DH Lawrence’s Sons and Lovers

Hello all and welcome to another blog post!

So as you’ve probably been able to gather from my slightly delayed absence, I’ve had my nose buried in another book. This time, said book is DH Lawrence’s Sons and Lovers, a semi-biographical novel which gives us as readers an interesting insight into what Lawrence’s life may have been like and also gives us a good number of lessons to learn about life and how it runs for different people in different spheres of existence. Not only this, but as a work in itself Sons and Lovers aims to show us how we might live our lives better, and in a more fulfilling manner.

Sons and Lovers deals with a number of themes, all of which seem to be fields that are not covered by many modern-day books. Is it because modern authors have a different take on them, or perhaps they are just not writing about them? It’s hard to tell. Lawrence is one of the classic English writers of the 1900s, and throughout a number of his novels (Lady Chatterley’s Lover, to mention one) he focuses on ideas of love, sex, and relationships among not just partners, but also families, and of the individual to society. These aren’t easy fields to write about, but Lawrence tackles them with a fluent and often very raw approach that allows readers to see exactly how life may have been for his characters, and in the case of Sons and Lovers the biographical element of the piece is explicitly evident throughout.

The novel has a number of characters that could be considered the ‘protagonists’, however like the characters the book seems to have stages of development where one character is ‘required’ over another and so focuses on said character. The start sees Gertrude Morel – a lady of character and distinction – marry a man who is below her class in society. He – Walter Morel – is a miner with a fiery temper and a young, lithe personality. The two marry “in a passion”, and so their four children – William, Annie, Paul and Arthur – all become people with a lust for life. William dies young of disease, after becoming engaged to a woman he calls ‘Gypsy’ – an upper class woman with a flair for the risque and carelessness in life. She does not fit in with the homely and down-to-earth lifestyle of the Morels, and this is when we first become aware that Gertrude’s opinions have great sway over her male children. William seems greatly concerned by his mother’s disapproval of his fiancee, and desperately seeks for her approval of the marriage. His death causes great upset for Gertrude, who the replaces William with her second son, Paul. Gertrude wants her boys to become ‘lovers’, to become the best men that they can be and to be there for their partners. As William died before he could become that kind of man, Gertrude focused on Paul after William’s death.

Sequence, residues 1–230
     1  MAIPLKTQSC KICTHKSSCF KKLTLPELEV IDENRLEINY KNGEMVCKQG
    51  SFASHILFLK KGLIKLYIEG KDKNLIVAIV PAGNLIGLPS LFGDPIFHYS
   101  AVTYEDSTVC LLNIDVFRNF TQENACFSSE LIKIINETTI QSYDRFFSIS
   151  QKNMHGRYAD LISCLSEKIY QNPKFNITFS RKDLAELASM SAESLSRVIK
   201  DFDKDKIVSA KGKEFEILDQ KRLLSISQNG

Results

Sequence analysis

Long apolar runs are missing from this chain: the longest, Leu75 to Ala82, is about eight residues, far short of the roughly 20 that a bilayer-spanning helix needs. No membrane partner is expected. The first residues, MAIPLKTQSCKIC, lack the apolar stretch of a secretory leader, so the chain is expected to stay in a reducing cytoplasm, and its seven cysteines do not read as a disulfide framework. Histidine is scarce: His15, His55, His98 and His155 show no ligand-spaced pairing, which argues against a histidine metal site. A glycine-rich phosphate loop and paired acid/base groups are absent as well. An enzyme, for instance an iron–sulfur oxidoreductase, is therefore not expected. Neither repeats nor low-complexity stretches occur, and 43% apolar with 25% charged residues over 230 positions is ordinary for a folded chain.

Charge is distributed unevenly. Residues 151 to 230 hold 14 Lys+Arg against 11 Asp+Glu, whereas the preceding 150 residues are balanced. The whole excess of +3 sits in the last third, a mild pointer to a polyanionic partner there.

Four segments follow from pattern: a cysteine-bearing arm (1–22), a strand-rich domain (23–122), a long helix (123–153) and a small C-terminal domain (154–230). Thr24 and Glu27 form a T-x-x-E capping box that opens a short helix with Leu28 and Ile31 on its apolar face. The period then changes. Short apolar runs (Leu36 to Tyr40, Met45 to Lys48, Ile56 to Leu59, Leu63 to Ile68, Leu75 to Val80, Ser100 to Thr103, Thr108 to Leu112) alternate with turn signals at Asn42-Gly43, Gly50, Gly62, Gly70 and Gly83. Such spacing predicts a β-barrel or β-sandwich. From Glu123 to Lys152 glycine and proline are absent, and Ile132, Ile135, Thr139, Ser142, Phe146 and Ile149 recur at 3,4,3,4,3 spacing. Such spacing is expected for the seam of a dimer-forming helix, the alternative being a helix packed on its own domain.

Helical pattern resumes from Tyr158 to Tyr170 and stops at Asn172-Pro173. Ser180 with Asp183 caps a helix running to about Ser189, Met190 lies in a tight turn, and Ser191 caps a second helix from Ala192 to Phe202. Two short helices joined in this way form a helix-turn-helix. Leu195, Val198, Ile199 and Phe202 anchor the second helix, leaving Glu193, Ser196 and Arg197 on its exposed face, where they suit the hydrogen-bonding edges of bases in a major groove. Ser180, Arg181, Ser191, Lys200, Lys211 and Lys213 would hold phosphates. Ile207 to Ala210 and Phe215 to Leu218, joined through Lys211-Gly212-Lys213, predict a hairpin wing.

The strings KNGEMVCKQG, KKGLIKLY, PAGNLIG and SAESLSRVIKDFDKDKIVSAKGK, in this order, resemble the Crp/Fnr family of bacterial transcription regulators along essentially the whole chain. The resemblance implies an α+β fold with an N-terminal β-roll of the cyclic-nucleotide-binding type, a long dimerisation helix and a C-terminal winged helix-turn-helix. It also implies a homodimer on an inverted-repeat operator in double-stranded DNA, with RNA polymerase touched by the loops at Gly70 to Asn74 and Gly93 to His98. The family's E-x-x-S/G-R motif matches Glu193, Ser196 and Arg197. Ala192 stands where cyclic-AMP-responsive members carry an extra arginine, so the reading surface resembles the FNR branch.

It is interesting to note that the marriage between Gertrude and Walter degraded very quickly after the initial first months. Psychologically speaking, it may be possible to surmise that in encouraging her boys to become ‘lovers’ Gertrude was trying to create for herself a man she could rely on, to act as a husband emotionally and to replace Walter in that respect. With Paul, she got her wish, but in the process disabled his ability to love another woman and have a relationship of his own even after she died of a cancerous growth.